Behavior of a Two Year Old

in Children

 

Parenthood is probably one of the most exhilarating experiences that life has to offer. It beats skydiving and bungee jumping any day, because the rollercoaster of emotions is unending and one never knows what challenges tomorrow will bring. This aspect of parenthood starts the moment a child is born, and the excitement, happiness, and frustrations never end.

And one of the biggest challenges that many first-time parents must face are the terrible twos. “Terrible twos” isn’t actually a medical term. It is not formally used in the diagnosis of any pediatric condition. Calling this age the terrible twos is a product of popular culture, because children aged two (and above) tend to be more independent, and moody.

The shift from sweet baby to independent toddler can be a shock to many parents. This is the main reason why parents always have to keep up with the right knowledge, so they will be able to deal with this special stage in their child’s developmental timeline.

Two year olds are known for being emotional, independent, and sometimes even bossy. Toddlers are also known for saying “no!” to almost anything a parent says (if they are in the mood to do so). Many parents ask me: is this behavior normal? Is something wrong with my child? The answer is yes, this behavior is normal and, no, there is nothing wrong with your child.

The independent streak that toddlers suddenly develop after they learn how to walk, run, and jump is a part of their normal mental development. If your toddler is constantly bossy and independent, that means your child is developing normally.

Toddlers tend to be moody, simply because they do not yet have the mental faculty to deal with the complex emotions that they are experiencing at this point in time. Sure, a child will be able to deal with emotions like happiness and sadness.

Those are easy: when a child is happy, he laughs hysterically. When a child is sad, he cries. But what happens when a toddler experiences embarrassment, or perhaps even anger? These emotions are uncontrollable, and often, toddlers are shocked by what they are feeling. And so they deal with the emotions the best they can: they express what they feel by saying “no” and having tantrums.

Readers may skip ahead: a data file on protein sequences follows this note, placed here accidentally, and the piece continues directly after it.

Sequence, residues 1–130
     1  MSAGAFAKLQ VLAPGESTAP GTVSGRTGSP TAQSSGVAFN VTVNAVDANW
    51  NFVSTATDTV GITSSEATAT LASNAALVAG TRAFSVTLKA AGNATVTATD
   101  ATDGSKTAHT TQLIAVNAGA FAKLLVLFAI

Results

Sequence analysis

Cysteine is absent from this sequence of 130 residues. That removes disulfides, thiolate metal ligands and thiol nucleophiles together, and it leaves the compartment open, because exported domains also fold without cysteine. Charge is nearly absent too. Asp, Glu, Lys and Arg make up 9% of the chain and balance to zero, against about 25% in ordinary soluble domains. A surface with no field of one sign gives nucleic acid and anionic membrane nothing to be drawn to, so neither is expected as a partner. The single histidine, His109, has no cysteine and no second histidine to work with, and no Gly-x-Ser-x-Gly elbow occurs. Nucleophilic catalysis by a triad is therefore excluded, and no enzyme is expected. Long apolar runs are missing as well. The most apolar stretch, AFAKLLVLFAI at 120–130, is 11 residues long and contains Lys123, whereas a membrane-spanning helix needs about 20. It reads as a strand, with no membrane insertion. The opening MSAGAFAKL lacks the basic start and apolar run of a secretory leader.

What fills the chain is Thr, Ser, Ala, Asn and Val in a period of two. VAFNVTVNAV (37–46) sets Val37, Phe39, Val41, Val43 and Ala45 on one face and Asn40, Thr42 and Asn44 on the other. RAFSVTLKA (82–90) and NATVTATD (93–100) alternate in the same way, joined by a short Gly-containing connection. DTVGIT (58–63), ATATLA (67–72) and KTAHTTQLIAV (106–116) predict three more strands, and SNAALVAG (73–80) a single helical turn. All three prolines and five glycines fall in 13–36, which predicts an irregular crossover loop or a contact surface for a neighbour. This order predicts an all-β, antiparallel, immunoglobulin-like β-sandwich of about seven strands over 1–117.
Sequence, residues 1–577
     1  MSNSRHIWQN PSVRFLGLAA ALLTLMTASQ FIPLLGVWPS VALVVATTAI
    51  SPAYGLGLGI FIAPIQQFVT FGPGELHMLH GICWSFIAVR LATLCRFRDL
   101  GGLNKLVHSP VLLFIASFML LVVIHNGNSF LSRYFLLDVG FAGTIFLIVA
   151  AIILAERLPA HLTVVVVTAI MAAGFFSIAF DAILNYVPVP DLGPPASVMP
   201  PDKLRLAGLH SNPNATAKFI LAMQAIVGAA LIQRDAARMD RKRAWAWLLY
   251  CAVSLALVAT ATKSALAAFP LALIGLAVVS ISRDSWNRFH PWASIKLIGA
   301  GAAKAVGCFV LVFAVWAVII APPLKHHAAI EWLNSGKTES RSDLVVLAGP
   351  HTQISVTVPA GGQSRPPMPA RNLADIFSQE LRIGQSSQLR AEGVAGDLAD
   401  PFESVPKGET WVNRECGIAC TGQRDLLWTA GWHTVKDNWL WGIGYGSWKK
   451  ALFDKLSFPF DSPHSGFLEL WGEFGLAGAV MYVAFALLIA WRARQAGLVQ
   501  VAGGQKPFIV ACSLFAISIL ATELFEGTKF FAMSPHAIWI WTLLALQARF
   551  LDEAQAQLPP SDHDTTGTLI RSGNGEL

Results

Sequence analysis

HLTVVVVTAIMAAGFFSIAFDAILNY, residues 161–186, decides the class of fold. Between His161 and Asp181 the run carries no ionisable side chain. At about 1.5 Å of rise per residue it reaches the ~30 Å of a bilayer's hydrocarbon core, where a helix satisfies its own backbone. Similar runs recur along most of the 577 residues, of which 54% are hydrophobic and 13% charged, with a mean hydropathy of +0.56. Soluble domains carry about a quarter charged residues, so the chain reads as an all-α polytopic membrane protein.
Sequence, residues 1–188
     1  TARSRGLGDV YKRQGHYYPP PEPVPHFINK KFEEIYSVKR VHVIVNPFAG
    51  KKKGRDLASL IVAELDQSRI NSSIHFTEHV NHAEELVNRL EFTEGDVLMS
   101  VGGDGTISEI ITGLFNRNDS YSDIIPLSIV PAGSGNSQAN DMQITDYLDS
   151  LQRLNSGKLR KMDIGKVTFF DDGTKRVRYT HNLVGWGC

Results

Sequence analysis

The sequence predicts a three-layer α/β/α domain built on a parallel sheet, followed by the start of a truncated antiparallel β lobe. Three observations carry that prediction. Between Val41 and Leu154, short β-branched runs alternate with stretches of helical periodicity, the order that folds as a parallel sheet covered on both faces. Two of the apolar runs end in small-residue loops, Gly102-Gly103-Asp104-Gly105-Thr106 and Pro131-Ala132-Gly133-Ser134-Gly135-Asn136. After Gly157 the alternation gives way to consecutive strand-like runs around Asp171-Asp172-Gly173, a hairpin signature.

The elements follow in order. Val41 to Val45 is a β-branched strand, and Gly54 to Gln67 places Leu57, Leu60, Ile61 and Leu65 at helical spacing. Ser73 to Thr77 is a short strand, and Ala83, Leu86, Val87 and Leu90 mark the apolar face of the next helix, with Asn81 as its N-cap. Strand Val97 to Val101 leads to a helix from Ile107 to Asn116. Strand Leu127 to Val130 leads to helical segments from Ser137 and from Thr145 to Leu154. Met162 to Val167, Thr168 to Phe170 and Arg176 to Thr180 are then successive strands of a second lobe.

When a toddler becomes extremely resistant to a parent or a primary caregiver, he’s not being a “stinker”; he’s just trying to cope with his evolving abilities and roles in the family.

Try to put yourself in your child’s shoes: a year ago, you were just a helpless baby. You needed help for everything. Then you suddenly gained the ability to walk, run, and jump. Your motor skills and motor reflexes also developed at an amazing pace. You could now climb up the stairs, and grab the cereal box if you wanted to.

The world suddenly became this big, big place that you can explore. You want to explore but you are also a little anxious of all the things that you can do.

This is what toddlers experience (in a nutshell), so it is very hard for them not to act bossy and independent. They are hardwired to be inquisitive, explorative, and independent because they are developing rapidly, both physically and mentally. 

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Amy Kennerly has 2 articles online

 

Amy Kennerly is a writer and experienced parent who offers advice and tips on the care and training of toddlers. At out her latest website she provides unbiased information about  The Truth Behind the Terrible Twos.

 

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Behavior of a Two Year Old

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Behavior of a Two Year Old

This article was published on 2013/02/27